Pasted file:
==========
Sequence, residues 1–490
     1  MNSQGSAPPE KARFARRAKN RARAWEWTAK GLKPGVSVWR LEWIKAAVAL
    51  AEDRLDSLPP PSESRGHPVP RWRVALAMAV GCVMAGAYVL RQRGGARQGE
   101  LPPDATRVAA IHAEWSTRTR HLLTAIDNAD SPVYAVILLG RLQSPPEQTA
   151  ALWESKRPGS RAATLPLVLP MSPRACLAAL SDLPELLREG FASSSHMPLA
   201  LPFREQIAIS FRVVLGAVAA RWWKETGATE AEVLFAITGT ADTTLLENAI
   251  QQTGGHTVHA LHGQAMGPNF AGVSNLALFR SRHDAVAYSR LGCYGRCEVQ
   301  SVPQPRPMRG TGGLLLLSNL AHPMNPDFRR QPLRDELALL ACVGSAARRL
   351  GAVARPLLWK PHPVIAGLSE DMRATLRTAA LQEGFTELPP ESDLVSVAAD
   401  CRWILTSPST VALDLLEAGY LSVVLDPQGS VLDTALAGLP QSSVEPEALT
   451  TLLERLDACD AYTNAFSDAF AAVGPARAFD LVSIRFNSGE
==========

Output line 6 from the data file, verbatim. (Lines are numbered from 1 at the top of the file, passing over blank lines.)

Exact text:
   201  LPFREQIAIS FRVVLGAVAA RWWKETGATE AEVLFAITGT ADTTLLENAI